Soldiers from Company A, 554th Engineer Battalion, are repairing two rubber-mulch physical training areas, providing a valuable training opportunity.
Capt. Bruce Leuthold, Company A commander and the project’s officer-in-charge, said training areas for the 31st and 35th Engr. Bns. are being restored using repurposed would-be waste products.
“We’re filling in new rubber chips to these two pits, taking all the (older) chips and recycling, reusing everything and spreading it out,” he said. “There is some unusable stuff that we’re going to have to take to solid waste, but it’s kind of minimal. We’re probably able to capture about 75 percent of the existing materials.”
Leuthold said the two and a half acres of torn-tire turf in the training areas – commonly referred to as pits – were in heavy need of maintenance.
“The PT pits were severely degraded after years of continued use,” he said. “The fabric was tearing and rubber-chip mulch reduced, which created potential tripping hazards and shallow mulched locations in the pits.”
Capt. Shawn Tham, 31st Engr. Bn. logistics officer, commented on the sheer scale and speed of the project.
“The mulch, fabric and anchor pins – 21,000 anchor pins, 22 rolls of 14-by-140 foot fabric – they’re completing it faster than expected,” he said.
Tham assisted in the project’s implementation and observed the work onsite. He said training companies use the pits for multiple practice maneuvers, including rifle marksmanship and mine detection.
“They also practice their Night Infiltration Course crawl, they do their combatives, their morning PT on this and any corrective training,” he said. “In (Advanced Individual Training) … they will sometimes mine detect this pit for any metal, because during reception and integration, a lot of times, pins and anything that is on the trainees when they get here, they do get lost because they’re in a rush.”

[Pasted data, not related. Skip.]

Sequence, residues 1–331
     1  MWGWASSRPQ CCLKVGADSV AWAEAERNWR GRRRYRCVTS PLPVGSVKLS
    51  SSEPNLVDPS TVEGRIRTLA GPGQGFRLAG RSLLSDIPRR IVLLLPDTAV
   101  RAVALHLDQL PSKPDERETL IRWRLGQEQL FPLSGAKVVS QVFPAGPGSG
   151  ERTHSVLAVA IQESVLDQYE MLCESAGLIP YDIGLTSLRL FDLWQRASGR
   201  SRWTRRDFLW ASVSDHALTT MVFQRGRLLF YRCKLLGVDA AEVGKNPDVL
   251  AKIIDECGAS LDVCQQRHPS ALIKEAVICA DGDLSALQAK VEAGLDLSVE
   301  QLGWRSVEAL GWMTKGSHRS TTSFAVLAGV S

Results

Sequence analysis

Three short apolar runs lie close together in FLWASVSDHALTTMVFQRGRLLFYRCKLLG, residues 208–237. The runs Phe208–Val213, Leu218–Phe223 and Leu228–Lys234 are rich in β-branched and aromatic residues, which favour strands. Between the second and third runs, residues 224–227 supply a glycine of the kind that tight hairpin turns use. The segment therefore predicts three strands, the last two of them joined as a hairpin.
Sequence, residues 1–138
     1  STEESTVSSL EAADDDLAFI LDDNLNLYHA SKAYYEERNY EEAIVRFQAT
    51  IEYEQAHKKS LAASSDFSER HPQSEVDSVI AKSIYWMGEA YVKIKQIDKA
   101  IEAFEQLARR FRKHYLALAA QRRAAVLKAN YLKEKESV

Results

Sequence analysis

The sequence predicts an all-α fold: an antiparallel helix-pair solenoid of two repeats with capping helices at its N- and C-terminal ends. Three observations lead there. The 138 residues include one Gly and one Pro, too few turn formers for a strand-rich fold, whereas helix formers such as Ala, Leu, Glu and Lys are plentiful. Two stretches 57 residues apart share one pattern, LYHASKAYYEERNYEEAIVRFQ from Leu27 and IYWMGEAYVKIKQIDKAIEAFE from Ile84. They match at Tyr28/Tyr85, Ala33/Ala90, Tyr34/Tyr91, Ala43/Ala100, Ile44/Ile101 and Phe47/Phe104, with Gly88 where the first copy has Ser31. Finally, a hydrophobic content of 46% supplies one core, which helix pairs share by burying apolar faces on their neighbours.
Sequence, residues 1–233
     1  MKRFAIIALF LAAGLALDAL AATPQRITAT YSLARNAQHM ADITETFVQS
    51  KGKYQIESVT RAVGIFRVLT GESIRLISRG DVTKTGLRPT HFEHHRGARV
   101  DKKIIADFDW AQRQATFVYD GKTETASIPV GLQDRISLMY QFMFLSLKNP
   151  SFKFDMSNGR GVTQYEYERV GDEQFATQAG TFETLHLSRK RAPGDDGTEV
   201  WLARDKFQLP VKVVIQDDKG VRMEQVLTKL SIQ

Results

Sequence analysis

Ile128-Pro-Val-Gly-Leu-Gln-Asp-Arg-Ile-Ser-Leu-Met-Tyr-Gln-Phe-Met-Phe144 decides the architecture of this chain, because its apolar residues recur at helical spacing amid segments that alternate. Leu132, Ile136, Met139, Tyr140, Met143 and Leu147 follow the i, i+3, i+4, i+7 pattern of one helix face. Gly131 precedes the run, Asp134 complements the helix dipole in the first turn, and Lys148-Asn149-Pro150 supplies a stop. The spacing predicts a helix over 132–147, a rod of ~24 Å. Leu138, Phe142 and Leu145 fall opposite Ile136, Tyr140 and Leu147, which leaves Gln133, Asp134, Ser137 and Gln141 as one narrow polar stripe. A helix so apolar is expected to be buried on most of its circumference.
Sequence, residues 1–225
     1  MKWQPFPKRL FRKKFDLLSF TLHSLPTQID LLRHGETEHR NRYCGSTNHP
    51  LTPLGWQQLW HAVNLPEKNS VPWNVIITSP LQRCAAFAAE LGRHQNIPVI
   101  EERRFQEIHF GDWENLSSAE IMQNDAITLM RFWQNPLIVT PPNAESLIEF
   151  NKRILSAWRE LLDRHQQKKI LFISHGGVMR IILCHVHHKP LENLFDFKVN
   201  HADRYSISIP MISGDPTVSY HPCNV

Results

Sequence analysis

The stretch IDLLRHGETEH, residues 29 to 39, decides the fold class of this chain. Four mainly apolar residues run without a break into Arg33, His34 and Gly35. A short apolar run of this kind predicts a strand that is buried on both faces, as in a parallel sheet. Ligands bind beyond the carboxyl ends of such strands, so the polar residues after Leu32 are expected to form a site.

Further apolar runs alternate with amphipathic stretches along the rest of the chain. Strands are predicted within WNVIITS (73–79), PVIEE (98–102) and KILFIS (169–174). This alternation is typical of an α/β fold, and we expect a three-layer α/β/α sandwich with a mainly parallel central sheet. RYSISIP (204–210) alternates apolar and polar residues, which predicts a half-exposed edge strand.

Tham estimates more than 17,000 Soldiers have been trained on the pits since they were first erected about six years ago.
“Overall, our battalion produces about 2,500 Soldiers a year,” he said. “So, given that they’re building this new pit, you can imagine just the number of (combat engineers) and (bridge crewmembers) that are going to be produced in this battalion that will go through this.”
The construction itself proved to be a valuable training opportunity for the Soldiers as well, according to leadership from the battalions.
“It’s just increasing overall safety, saving the Army money, getting good training for our guys when it comes to designs, project management plans – there are a lot of good things that came of this,” Leuthold said. “Our team takes pride in being good stewards of limited resources, increasing safety for our facilities and building lasting partnerships.”
Charlie Neel, Directorate of Public Works, Environmental Division chief, said the project was done in accordance with all applicable regulations and laws.
“There are no chemicals, no waste,” he said. “Absolutely, they’re in environmental compliance.”
Leuthold said he expects his company to wrap up construction by Sept. 14.